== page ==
STP733

    Localized Deformation and Fracture of Magnesium Oxide

    Published: Jan 1981


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    Abstract

    Particulate erosion of brittle materials is a complex process of fracture nucleation, growth, and interaction which leads to removal of material from the exposed surface. The temporal and spatial development of the localized pressure loading imparted to a material surface by a water-drop or soft-body collision is not clearly defined. For the impact conditions investigated, the duration of the applied pressure pulse is generally less than 100 ns. Correspondingly, the exact form of the transient stress states generated within the impacted body is not easily determined. However, insights into the nature of the damage produced by these relatively short stress cycles are being obtained from microscope examinations of the residual deformation and fracture patterns in transparent materials. The response of single crystals of magnesium oxide to water-drop collisions is described. It was found that for the high strain rates imposed slip and fracture occur in the same systems and planes as are associated with quasi-static deformations. However, water-drop impacts produce slip only on the four {110}45-deg slip systems, whereas rounded solid particles produce dominant slip on two {110} 90-deg slip systems, as well as on the {110} 45-deg slip systems. The fractures associated with each condition are also distinctly different. It was also found that fracture initiation could be suppressed with the introduction of numerous active slip sources on the impact face of the crystal.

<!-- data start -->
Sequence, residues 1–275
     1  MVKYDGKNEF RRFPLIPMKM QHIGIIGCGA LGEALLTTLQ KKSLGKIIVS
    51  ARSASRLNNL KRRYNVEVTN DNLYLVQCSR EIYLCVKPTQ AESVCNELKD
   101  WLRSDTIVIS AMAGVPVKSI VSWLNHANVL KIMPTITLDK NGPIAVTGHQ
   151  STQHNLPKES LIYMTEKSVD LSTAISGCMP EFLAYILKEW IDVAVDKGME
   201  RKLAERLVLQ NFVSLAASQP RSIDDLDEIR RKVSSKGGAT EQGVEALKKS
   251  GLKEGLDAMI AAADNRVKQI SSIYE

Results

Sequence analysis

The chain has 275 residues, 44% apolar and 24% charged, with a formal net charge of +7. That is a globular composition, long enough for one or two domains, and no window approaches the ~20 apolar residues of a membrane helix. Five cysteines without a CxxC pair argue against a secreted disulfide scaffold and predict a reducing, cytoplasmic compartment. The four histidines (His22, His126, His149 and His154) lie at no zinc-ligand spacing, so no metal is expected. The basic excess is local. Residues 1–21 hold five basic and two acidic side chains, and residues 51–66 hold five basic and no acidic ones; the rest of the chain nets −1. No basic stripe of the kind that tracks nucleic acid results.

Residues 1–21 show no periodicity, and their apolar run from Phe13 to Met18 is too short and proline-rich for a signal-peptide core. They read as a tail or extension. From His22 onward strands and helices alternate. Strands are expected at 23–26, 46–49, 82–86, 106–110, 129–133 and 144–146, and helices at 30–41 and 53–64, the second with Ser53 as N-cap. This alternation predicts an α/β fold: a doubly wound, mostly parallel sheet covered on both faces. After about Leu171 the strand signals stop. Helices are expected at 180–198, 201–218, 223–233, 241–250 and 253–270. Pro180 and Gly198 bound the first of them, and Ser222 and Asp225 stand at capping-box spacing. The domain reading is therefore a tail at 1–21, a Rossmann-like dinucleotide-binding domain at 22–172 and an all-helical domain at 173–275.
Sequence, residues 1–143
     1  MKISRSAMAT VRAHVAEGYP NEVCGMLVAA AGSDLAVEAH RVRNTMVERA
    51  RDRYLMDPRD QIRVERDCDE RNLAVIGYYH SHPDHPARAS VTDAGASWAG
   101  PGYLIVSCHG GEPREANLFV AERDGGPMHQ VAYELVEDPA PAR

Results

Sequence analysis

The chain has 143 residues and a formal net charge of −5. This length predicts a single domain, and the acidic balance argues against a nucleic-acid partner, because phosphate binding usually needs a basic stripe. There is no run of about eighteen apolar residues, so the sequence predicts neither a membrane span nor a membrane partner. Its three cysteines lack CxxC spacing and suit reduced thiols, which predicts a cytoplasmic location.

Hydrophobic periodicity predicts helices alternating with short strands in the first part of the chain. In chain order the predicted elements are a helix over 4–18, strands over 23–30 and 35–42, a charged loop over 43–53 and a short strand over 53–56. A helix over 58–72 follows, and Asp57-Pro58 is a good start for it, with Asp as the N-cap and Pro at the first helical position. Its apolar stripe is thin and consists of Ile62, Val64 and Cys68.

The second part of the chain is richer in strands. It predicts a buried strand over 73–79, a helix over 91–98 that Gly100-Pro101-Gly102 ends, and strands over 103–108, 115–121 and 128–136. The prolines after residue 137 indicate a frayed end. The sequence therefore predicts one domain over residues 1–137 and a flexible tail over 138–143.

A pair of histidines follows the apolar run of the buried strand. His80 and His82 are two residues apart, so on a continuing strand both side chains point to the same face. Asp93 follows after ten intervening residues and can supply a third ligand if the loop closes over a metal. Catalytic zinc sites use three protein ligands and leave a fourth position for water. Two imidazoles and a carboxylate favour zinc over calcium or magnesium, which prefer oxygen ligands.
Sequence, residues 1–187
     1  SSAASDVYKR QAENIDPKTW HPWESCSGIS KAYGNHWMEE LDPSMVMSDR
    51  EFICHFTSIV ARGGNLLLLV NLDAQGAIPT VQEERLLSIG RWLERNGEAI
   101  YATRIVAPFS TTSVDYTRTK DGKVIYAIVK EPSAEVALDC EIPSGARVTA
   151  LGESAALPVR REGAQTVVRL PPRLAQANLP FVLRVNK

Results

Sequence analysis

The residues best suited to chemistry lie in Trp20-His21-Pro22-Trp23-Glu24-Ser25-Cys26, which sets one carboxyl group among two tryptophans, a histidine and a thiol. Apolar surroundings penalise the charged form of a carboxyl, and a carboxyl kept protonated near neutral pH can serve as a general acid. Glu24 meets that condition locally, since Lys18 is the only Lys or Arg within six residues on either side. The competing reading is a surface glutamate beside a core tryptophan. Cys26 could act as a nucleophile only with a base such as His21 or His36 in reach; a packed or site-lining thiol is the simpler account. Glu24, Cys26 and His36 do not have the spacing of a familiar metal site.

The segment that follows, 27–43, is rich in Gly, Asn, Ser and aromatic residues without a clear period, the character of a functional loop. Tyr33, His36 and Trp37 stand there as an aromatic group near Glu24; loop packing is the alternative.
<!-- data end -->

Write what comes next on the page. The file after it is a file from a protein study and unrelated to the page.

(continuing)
Keywords:

    impact, water-drop collisions, fractography, stress waves, deformation, fracture, crystalline materials, magnesium oxide, lithium fluoride, materials, materials science


    Author Information:

    Adler, WF
    Associate manager, Materials Group, and member of the technical staff, Effects Technology, Inc., Santa Barbara, Calif.

    James, TW
    Associate manager, Materials Group, and member of the technical staff, Effects Technology, Inc., Santa Barbara, Calif.


    Paper ID: STP33436S

    Committee/Subcommittee: E08.08

    DOI: 10.1520/STP33436S


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